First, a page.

I guess it’s safe to say that—because of the limitations and demands of motherhood— I am a totally different person than the expectant mom who was wheeled into the delivery room over 14 years ago. The Potter used the limitations of motherhood to squeeze and squeeze and squeeze me into a new shape, a vessel more useful and beautiful than the previous one.
Take heart, dear ones!
When I had to wear the boot, everyone I met exclaimed about what a terrible time I must be having. Strangers commiserated with me in the produce aisle, in elevators, and in waiting rooms. This universal expression of sympathy was amazing, but unnecessary. Don’t get me wrong, I am a champ at complaining! But I had been in so much pain before, with such little hope of things getting better. Relief came from my new limitation, the boot. I loved my boot for that!
Feeling gratitude for my limitation gave me eyes to see the blessings during this healing season.
What if you could feel blessings in a time of strict budgeting to pay off debt? Maybe you can see the miracle in that job that you hate and the boss that seems to be holding you back? Can you see God drawing you to Himself, through the suffocation of grief?
While we endure our limitations, the challenge for us is to find purpose and meaning in our experiences. Here are some observations from my recent brush with limitations—some blessings are obvious and some took a little more effort to see:
During a season of limitation:
Limitations allow stressed places (or people) to rest. Though we might feel confined by them, they are for our good.
- Limitations allow brokenness to heal.
- Limitations feel unnatural (we have to learn to adjust our expectations)
- “Healing is a process, not an event.” I saw this quote at my doctor’s office.
- Careful: our limitations can throw us off balance. There was a learning curve for walking with the boot. We shouldn’t begin to think of our limitations as our forever, or even our new normal—they are just here for a season.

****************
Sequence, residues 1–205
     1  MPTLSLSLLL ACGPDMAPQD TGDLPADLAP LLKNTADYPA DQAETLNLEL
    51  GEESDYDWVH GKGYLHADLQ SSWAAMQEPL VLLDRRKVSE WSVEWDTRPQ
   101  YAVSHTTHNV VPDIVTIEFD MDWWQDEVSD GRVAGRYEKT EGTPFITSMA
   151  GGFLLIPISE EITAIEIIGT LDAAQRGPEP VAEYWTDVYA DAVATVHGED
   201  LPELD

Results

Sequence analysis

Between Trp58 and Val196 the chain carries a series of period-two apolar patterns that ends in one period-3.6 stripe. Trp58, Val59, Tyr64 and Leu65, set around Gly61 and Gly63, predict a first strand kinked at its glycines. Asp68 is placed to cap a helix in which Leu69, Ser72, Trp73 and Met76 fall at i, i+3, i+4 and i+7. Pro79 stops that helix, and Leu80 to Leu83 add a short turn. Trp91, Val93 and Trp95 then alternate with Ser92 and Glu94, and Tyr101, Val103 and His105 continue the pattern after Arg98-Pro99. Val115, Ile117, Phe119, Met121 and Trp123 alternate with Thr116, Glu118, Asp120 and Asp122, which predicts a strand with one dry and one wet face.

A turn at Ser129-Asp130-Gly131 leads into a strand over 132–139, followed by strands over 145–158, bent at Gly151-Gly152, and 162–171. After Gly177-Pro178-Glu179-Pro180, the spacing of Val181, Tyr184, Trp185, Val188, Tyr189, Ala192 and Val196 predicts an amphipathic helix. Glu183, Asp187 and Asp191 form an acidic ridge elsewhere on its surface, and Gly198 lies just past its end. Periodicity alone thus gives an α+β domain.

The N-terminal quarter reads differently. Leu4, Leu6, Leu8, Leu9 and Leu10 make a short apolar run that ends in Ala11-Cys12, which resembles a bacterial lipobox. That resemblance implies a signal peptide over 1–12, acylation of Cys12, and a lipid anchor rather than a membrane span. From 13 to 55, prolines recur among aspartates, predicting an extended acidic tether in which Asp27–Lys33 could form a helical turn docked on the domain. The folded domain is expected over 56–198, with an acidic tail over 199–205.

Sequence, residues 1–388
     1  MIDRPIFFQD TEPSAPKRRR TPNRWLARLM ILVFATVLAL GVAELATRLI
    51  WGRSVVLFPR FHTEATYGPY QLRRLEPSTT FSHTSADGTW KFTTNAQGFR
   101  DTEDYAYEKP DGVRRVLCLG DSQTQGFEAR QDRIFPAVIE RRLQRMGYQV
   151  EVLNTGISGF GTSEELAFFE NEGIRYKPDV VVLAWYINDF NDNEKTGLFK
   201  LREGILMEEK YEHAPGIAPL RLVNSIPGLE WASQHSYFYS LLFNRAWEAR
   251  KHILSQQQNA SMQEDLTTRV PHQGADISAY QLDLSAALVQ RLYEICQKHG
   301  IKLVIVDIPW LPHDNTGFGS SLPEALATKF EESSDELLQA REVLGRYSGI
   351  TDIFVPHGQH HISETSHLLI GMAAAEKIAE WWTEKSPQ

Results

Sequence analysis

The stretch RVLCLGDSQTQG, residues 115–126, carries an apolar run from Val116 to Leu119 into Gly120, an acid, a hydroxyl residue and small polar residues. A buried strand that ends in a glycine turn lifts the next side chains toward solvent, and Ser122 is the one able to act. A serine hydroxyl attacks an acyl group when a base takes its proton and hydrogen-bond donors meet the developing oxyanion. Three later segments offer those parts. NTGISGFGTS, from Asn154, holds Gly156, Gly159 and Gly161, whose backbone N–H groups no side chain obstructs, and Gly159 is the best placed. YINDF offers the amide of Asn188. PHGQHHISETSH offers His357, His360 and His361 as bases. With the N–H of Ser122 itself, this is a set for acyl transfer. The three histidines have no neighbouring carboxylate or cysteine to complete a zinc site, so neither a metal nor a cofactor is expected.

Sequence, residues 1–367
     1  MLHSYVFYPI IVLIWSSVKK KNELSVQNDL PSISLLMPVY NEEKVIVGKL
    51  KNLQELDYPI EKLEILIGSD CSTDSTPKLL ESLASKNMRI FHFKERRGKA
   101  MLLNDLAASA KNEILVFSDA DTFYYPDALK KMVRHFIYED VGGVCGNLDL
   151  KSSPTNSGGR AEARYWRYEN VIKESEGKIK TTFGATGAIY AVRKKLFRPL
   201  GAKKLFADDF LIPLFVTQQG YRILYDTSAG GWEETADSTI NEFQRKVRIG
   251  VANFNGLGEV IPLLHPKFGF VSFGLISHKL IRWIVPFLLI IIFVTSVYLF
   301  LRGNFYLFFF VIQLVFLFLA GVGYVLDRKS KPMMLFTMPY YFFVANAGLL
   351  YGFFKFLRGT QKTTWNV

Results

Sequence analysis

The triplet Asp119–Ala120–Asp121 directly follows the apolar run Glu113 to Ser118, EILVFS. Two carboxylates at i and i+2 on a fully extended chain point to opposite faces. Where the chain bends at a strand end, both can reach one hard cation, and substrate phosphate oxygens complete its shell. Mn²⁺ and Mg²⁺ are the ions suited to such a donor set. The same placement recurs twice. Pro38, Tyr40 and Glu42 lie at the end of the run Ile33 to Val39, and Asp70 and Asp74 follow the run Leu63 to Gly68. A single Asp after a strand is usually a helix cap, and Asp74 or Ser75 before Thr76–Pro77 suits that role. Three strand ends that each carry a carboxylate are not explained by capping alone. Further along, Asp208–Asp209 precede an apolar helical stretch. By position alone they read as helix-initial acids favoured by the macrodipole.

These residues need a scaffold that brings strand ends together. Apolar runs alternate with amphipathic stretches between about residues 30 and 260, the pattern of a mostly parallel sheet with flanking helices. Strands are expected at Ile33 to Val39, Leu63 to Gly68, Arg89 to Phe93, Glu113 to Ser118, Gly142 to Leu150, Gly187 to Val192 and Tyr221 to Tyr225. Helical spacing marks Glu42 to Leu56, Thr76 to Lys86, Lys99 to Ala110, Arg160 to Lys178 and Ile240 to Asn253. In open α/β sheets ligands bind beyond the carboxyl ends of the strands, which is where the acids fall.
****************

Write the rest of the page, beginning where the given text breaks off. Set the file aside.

- Careful: our limitations can make us weak and inflexible. My boot made my ankle weak and decreased the flexibility in my (already) stiff big toe.
As you emerge from your season of limitation:
Finally, as we transition back to “normal,” we must shed the practices or devices that have protected us, during the healing season. Otherwise, the limitation that helped to mend us, can begin to hurt us.
- Flexibility prevents re-injury. We must be able to bend without breaking—after the boot, I needed physical therapy to learn to walk normally again.
- Expect some pain with change. Physical therapy hurts!
- Slow change is healthy. This is always hard for me. I prefer instant improvements.
- If the old shoe doesn’t fit, don’t wear it Old shoes, old habits can be harmful. Clean out your closet, find healthier shoes.
- If you go back to the old ways of doing things, you’ll end up right back in the same place.
The Lord uses what we see as limitations for our healing and growth. Are you in a season of healing, physically or emotionally? Or are you feeling limited by your season, but can’t see the end to your brokenness? Maybe your circumstances leave you feeling trapped and you have no idea what God is doing with you? Today, look for the goodness in your limitations. If you can’t see it, pray for the Lord to open your eyes!
Copyright: johnny2303 / 123RF Stock Photo